sea urchin


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sea urchin,

spherical-shaped echinoderm with movable spines covering the body. The body wall is a firm, globose shell, or test, made of fused skeletal plates and marked by regularly arranged tubercles to which the movable spines are attached. Five rows of the skeletal plates are pierced by pores for the tube feet of the water-vascular system; these are typical of echinoderms and are used for locomotion. The mouth is centered on the lower side of the body and in many species is surrounded by a whorl of gills. A complex jaw and tooth apparatus in the mouth, known as Aristotle's lantern, is used to fragment food. Long, sharp spines are used for protection, and in some species are poisonous. The spines are also used as levers, aiding the tube feet in locomotion and, along with the teeth, are used by some species to dig burrows in hard rock. Sea urchins feed on all kinds of plant and animal material; some eat sand or mud, digesting out organic material that is present. Entirely marine, they occur in all seas and at all depths but prefer shallower waters and rocky bottoms. Arbacia and Strongylocentrotus are the most familiar American genera; one species of the latter, the red sea urchin (S. franciscanus) of the Pacific coast, is estimated to live for 200 years or more. Eggs and sperm are shed into the sea. After fertilization, a characteristic, free-swimming larva, called the pluteus larva, develops; it undergoes a profound metamorphosis to assume the adult form. Sea urchins have some economic significance. The roe is considered a delicacy, especially in Mediterranean regions and Japan, and burrowing species may damage sea walls. Sea urchins also are used in embryological studies. Sea urchins are classified in the phylum EchinodermataEchinodermata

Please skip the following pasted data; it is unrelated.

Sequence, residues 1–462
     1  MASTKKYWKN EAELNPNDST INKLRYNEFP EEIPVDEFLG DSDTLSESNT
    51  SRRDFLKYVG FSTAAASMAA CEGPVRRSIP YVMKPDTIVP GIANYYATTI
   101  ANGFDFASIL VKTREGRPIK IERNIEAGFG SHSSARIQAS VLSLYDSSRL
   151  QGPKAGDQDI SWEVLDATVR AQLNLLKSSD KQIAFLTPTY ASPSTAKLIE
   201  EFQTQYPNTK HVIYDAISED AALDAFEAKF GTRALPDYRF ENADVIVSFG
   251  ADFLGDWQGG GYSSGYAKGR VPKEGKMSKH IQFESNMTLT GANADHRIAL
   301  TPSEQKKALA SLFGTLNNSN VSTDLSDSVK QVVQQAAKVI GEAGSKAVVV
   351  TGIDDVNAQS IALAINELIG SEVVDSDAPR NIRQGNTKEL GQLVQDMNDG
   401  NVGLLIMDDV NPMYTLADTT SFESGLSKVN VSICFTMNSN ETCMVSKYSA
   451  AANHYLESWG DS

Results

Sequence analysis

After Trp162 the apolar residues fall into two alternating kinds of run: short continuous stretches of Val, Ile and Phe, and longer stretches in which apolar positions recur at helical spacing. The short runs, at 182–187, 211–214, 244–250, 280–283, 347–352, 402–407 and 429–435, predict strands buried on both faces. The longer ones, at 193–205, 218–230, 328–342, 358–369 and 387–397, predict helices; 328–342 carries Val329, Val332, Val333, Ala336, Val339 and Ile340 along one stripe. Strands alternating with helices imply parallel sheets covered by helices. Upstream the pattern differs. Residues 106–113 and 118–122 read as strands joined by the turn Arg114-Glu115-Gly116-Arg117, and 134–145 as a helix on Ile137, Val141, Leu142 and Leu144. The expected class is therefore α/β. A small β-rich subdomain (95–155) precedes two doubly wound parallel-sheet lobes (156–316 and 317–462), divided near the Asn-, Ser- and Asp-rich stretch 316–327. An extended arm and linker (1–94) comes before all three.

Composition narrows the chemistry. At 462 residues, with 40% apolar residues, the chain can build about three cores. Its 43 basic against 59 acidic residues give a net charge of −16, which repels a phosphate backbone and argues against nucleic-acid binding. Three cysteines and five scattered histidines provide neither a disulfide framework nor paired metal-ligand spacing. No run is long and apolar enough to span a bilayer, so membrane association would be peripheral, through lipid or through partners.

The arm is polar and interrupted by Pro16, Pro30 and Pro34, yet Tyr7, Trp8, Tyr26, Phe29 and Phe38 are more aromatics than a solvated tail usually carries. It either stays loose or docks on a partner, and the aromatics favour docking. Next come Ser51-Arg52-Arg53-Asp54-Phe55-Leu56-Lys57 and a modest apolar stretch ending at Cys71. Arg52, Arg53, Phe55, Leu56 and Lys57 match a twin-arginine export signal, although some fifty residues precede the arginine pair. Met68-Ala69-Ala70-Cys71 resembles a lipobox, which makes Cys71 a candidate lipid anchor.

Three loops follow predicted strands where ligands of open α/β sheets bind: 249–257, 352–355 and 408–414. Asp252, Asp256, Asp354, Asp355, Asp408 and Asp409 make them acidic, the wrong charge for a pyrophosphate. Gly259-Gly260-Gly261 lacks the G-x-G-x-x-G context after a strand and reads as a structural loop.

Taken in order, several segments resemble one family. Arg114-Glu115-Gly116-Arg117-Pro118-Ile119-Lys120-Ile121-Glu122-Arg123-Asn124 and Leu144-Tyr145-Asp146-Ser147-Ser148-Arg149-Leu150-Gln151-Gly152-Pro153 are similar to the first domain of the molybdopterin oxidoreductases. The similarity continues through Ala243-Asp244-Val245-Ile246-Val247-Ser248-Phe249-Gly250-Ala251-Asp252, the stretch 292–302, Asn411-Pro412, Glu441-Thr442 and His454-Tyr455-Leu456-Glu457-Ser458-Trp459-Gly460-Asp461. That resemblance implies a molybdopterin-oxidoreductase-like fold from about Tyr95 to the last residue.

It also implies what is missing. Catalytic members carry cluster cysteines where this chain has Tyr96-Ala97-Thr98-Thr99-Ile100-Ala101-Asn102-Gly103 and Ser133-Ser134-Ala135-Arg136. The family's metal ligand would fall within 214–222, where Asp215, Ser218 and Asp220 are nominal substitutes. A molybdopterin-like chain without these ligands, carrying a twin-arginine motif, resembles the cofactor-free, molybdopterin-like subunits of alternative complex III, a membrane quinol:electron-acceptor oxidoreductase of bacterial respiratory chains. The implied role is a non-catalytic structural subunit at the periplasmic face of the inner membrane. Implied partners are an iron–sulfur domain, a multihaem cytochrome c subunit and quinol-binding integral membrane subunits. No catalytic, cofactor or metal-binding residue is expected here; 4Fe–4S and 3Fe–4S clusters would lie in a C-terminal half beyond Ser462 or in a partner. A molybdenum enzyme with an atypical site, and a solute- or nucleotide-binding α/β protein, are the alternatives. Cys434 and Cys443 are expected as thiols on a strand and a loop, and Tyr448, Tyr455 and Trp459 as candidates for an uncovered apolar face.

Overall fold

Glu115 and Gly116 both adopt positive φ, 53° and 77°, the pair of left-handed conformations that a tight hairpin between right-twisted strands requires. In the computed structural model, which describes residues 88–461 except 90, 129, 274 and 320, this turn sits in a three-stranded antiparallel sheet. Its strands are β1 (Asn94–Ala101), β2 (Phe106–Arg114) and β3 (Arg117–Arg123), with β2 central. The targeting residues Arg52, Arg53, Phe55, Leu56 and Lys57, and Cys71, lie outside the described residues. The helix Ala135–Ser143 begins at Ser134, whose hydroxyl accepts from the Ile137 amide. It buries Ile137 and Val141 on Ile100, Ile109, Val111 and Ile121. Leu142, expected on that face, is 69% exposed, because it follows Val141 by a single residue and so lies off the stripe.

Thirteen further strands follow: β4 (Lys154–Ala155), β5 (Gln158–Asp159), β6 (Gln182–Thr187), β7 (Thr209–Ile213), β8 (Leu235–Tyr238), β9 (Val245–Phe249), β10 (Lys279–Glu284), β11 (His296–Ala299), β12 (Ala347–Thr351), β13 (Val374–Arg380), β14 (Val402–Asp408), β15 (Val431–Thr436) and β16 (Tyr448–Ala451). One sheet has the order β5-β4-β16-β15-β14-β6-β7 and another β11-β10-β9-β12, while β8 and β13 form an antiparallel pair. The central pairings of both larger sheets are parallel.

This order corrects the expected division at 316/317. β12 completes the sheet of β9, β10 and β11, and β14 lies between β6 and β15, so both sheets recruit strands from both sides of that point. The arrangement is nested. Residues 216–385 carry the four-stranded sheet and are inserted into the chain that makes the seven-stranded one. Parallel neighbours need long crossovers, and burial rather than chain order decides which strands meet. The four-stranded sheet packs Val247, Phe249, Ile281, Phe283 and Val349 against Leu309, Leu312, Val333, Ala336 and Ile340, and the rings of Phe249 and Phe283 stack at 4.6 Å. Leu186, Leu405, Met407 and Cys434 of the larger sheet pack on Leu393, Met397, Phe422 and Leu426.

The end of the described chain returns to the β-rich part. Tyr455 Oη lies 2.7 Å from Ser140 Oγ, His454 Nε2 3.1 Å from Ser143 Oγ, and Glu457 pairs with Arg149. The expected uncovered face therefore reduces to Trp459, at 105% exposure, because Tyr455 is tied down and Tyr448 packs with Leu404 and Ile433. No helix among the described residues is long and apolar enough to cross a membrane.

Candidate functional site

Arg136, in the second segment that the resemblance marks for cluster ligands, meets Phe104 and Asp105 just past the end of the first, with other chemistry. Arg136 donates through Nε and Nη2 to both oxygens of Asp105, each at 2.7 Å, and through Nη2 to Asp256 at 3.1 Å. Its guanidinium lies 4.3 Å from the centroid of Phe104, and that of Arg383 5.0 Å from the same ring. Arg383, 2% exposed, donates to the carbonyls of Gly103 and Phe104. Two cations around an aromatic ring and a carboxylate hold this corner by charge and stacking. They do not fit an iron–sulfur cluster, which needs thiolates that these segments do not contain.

[Gr.,=spiny skin], phylum of exclusively marine bottom-dwelling invertebrates having external skeletons of calcareous plates just beneath the skin. The plates may be solidly fused together, as in sea urchins, loosely articulated to facilitate movement, as in sea
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, class Echinoidea, subclass Regularia.

Sea Urchin

 

any one invertebrate of the class Echinoidea of the phylum Echinodermata. The body, measuring as much as 30 cm, is covered with rows of skeletal plates that form a shell and bear movable spines and pedicellariae. Sea urchins of the subclass Regularia have a mouth with a masticatory apparatus (Aristotle’s lantern) for scraping algae off rocks. Those of the subclass Irregularia, who feed on detritus, have no masticatory apparatus. Sea urchins are benthic crawling or burrowing animals, moving by means of tube feet and spines. They are dioecious. A stage in their development is the plankton larva, or the echinopluteus; some are viviparous. More than 800 species of sea urchins are extant; there are about 40 species in seas of the USSR. They are widespread in oceans and seas with normal salinity at depths up to 7 km. Some are valuable commercially since the eggs are edible. Fossils of sea urchins have been found in Ordovician deposits.

REFERENCES

Zhiznzhivotnykh, vol. 2. Moscow, 1968.
Hyman, L. H. The Invertebrates, vol. 4. New York-London, 1955.

sea urchin

[′sē ‚ər·chən]
(invertebrate zoology)
A marine echinoderm of the class Echinoidea; the soft internal organs are enclosed in and protected by a test or shell consisting of a number of close-fitting plates beneath the skin.

sea urchin

any echinoderm of the class Echinoidea, such as Echinus esculentus (edible sea urchin), typically having a globular body enclosed in a rigid spiny test and occurring in shallow marine waters
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